Using the zero-crossing implementation discussed above provides for an improvement in the maximum measurable frequency offset (in comparison to the embodiment of There is, however, a drawback with this operation in that for smaller frequency offsets, sign is still detectable using the detectors 202 and 204, but the measured magnitude will be more adversely affected by noise than with the implementation of Reference is now made to a): I′(k−1) AND NOT(I′(k)) b): Q′(k−1) AND NOT(Q′(k)) c): NOT(I′(k−1)) AND I′(k) d): NOT(Q′(k−1)) AND Q′(k). With respect to magnitude, the count N_{zero }of the zero-crossing accumulator 208(3) is indicative of offset magnitude and may be directly used for other operations such as offset correction. Alternatively, the processing component 312 may convert 322 the count N_{zero }of the zero-crossing accumulator 208(3) into a frequency magnitude by recognizing that the number of zero-crossings during the given time period is proportional to the frequency offset in accordance with:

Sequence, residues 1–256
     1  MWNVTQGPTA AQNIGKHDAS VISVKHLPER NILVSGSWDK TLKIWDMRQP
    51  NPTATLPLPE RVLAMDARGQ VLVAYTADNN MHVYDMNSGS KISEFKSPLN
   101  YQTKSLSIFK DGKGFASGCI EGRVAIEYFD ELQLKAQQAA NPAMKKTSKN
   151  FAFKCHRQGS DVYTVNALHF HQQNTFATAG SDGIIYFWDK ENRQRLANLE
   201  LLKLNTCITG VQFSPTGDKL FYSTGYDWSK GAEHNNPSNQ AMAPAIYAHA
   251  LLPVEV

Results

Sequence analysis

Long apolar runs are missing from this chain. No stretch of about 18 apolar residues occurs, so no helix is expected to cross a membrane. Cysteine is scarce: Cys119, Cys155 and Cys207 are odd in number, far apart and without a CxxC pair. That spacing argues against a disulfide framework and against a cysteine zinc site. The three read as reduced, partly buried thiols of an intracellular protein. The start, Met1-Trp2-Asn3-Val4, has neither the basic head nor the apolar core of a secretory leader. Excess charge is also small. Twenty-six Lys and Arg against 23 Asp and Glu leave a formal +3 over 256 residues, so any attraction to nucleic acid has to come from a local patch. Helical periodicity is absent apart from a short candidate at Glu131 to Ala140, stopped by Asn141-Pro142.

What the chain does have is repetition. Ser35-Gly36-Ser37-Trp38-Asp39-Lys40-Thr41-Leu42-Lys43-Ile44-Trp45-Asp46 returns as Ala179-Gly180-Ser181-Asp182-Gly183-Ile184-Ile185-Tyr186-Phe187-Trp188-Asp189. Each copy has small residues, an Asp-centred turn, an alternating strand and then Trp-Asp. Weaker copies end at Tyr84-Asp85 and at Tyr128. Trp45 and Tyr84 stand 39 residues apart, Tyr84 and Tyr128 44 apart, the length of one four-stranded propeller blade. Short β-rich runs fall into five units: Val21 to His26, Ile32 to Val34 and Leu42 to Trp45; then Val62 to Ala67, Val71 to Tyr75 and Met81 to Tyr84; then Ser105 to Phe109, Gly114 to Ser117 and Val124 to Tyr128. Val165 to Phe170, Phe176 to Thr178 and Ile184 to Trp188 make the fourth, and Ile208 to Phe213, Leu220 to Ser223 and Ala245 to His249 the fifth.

This implementation likewise provides an improvement in the maximum measurable frequency offset (in comparison to the embodiment of Reference is now made to The output from each of the counter-clockwise transition detector 102, the clockwise transition detector 104 and zero-crossing detector 306 is a signal D (D_{ccw }for the detector 102, D_{cw }for the detector 104, and D_{zero }for the detector 306) that when active indicates a detected occurrence of a transition/zero-crossing event for the received signal. Active in this case could comprise either active high (i.e., logical “1”) or active low (i.e., logical “0”) as desired for a given implementation. The signals D are accumulated in a counter 408 that includes a counter-clockwise accumulator 408(1) (counting the active signals D_{ccw }over a given time period), a clockwise accumulator 408(2) (counting the active signals D_{cw }over the same given time period), and a zero-crossing accumulator 408(3) (counting the active signals D_{zero }over the same given time period). A reset signal 410 is used to reset the counter 408 at the start of each new time period. The output from the counter 408 at the expiration of each time period is a count N (N_{ccw }for the counter-clockwise accumulator 408(1), N_{cw }for the clockwise accumulator 408(2), and N_{zero }for the zero-crossing accumulator 408(3)) that represents the sum number of occurrences of a detected transition event in each direction and zero-crossing event for the received signal during the given time period. A processing component 412 receives the counts N and mathematically operates on those counts to determine information that is at least indicative of, if not explicitly defining, the magnitude and sign of the frequency offset. With respect to the sign, the processing component 412 includes a subtractor 416 that subtracts the count N_{cw }of the clockwise accumulator 408(2) from the count N_{ccw }of the counter-clockwise accumulator 408(1). The processing component then examines the sign portion 418 (i.e., the most significant bit) of the subtractor 416 output to identify the sign of the frequency offset. For example, if the sign 418 is positive, then the sign of the frequency offset is also positive. Conversely, if the sign 418 is negative, then the sign of the frequency offset is negative. With respect to magnitude, the processing component 412 includes a comparator 430 that compares the value portion 420 (i.e., the numerical result of the subtraction N_{dif}=N_{ccw}−N_{cw}) of the subtractor 416 output against a threshold value (T). The threshold T may be an selected value, and is preferably set to a small percentage of the number of symbol samples Ns during the time period. More specifically, in accordance with a preferred implementation of the present invention, the threshold T is set to 3% of Ns. If N_{dif }is less than T, this is indicative of the frequency offset being relatively low. In this scenario, the frequency offset determination scheme of